Robert Pierce: Oh, well, yeah. But the second year was like kind of higher. They were in and out. So many problems with the POs all these other different things, which is always a variable when a felon or a group that are basically on parole … The problem when they’re called in, to say, “Hey, you got to get here,” they’ve got to take off of work or whatever they’re doing to show up.
Angela Fitzgerald: Right. And drop everything.
Robert Pierce: Drop it and let’s go, you know. It’s a whole ‘nother world, and these people have more control over them than most people, so a couple of them went back to prison and other things. But two people made it through that.
This year here, we’re working with MUM, which is JustDane now. And what happened with those were a couple people didn’t make it, and then two didn’t make it through the very end, and they’re coming back next year to run their businesses. So it’s going to be nice to see that happen so they’s success in doing this.
Angela Fitzgerald: So it’s not only an introduction to farming, but through this small business side of generating income.
Robert Pierce: Well, yeah. It was a thing that, “Oh, don’t go to South Madison Farmers Market because Robert’s hard to deal with.”
Angela Fitzgerald: Said because you’re hard to deal with?
Robert Pierce: Yeah, I’m hard to deal with.
Angela Fitzgerald: Oh, really?
Robert Pierce: Yeah, yeah.
Angela Fitzgerald: In what ways?
Robert Pierce: Well, I don’t know, but I hear that.
Angela Fitzgerald: Okay.
Robert Pierce: I hear it all the time. No, so we do have some people that sign up and come and are there for one or two days, then next thing you know, they’re gone. They don’t show back up, and they claim they don’t make enough money and all these other poor people don’t have money.
Well, poor people eat just like rich people. I mean, come on. Sometimes they spend their money on food when they can’t spend it on something else. So it’s out of survival. They eat, you know?
Angela Fitzgerald: Do you have people that graduated from the program you mentioned that then at your farmers market as well, it’s like the goal?
Robert Pierce: They’re going to be. That’s what’s happening for next year. Yeah.
Angela Fitzgerald: Okay.
Robert Pierce: Yeah.
Angela Fitzgerald: Awesome.
Robert Pierce: Yeah, we had a couple that it was really hard for them to make decisions, so they had other jobs. And the other jobs are really, I mean, pay for your schooling and all these other things. I mean, you can’t beat that. I would’ve quit and went back too.
Angela Fitzgerald: So that sounds like part of the challenge of being in the farming industry is that there’s competition maybe.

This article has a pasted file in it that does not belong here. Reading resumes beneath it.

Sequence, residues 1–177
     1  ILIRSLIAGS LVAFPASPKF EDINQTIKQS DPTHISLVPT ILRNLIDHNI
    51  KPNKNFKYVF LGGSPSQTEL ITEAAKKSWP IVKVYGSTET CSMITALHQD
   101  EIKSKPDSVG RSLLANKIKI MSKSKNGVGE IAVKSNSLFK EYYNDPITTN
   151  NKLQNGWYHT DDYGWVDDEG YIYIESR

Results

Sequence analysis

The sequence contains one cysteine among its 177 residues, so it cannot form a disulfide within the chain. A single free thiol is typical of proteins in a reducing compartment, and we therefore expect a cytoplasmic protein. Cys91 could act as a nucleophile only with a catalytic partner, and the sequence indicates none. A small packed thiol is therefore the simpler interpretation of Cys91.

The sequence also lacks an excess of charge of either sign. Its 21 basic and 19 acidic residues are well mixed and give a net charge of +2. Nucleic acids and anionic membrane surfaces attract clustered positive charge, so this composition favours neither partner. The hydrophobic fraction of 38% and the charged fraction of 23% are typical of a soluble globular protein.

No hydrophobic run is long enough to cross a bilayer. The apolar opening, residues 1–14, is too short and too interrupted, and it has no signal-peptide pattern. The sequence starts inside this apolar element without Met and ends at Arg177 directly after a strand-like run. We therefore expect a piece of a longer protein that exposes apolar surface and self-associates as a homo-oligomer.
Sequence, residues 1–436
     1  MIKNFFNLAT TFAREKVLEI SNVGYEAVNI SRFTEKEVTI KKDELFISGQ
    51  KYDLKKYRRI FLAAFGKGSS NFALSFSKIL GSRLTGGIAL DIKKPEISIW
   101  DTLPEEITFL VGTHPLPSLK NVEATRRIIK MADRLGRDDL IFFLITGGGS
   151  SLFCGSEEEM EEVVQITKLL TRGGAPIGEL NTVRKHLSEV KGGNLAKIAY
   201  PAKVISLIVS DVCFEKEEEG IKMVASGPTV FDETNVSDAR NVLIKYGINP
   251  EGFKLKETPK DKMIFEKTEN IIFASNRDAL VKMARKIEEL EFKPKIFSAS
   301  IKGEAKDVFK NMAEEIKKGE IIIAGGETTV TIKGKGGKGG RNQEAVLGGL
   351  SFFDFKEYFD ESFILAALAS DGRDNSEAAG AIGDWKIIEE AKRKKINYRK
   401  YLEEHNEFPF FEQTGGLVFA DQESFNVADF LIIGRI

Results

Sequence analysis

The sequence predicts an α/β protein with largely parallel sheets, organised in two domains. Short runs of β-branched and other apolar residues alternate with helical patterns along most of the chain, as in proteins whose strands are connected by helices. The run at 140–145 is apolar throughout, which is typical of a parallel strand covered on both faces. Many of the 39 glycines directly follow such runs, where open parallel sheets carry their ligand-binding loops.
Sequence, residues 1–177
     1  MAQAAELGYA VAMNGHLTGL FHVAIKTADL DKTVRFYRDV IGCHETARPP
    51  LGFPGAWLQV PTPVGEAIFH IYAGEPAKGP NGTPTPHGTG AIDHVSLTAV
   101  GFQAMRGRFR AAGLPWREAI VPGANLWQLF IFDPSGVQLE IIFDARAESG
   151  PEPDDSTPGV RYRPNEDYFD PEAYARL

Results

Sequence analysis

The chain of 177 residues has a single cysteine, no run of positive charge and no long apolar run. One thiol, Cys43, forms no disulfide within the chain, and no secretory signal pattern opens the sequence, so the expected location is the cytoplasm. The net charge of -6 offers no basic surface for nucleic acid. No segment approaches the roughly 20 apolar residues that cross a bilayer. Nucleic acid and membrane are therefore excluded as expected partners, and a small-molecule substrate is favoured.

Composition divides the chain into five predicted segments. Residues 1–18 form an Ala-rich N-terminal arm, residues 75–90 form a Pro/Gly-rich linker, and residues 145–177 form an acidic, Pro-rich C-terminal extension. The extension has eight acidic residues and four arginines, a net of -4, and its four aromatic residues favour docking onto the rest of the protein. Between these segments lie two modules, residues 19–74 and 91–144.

Robert Pierce: Well, you have to realize we just don’t have the access to land like they do. Myself, if it wasn’t for people I deal with right now, which is Groundswell Conservatory, I’d still be out here scraping for land. I’ve never had enough. They’ve never given me a loan to buy land once.
Robert Pierce: I had got to a point where I was going to be able to buy land. And this land that they were going to sell me, it was surrounded by streams.
Angela Fitzgerald: That’s not a good thing?
Robert Pierce: And it was a wetland.
Angela Fitzgerald: Oh.
Robert Pierce: So in order to cross a stream, you had to deal with DNR because you can’t deal with something over that stream or shape in any way, form because it’s natural. So it was like, “Well, if I buy this land, I’m landlocked. There’s no way really to make any infrastructure on this. So, nah.”
Robert Pierce: And I have created so many people’s land for organic it’s like, “Man, I’m tired of being used.” I mean, yeah. Have me out there for five years. See, within five years, they can be able to say this land had no poisons put on it, so they can be able to call it organic.
Angela Fitzgerald: Right. Which then comes, I’m sure, at a higher price.
Robert Pierce: And everybody knows that’s what I do, so if can’t be on your land, well, Robert was here.
Angela Fitzgerald: That’s a selling point in a way that benefits the owners of the land.
Robert Pierce: Yeah, not me. Didn’t benefit me, all right?
Angela Fitzgerald: So historically, do you think that’s been the biggest barrier or a thing that’s impeded-
Robert Pierce: Which one?
Angela Fitzgerald: Well the land part, the access to land part, which has a financial piece to it-
Robert Pierce: Well, yeah.
Angela Fitzgerald: … in terms of Black farmers and why they’re so underrepresented.
Robert Pierce: Yeah, I think that having a sense of land is, it’s probably number one. Then the other part of that would probably be education. Well, it’s-
Angela Fitzgerald: You sounds like it has a lot of pieces to it, including just how the running-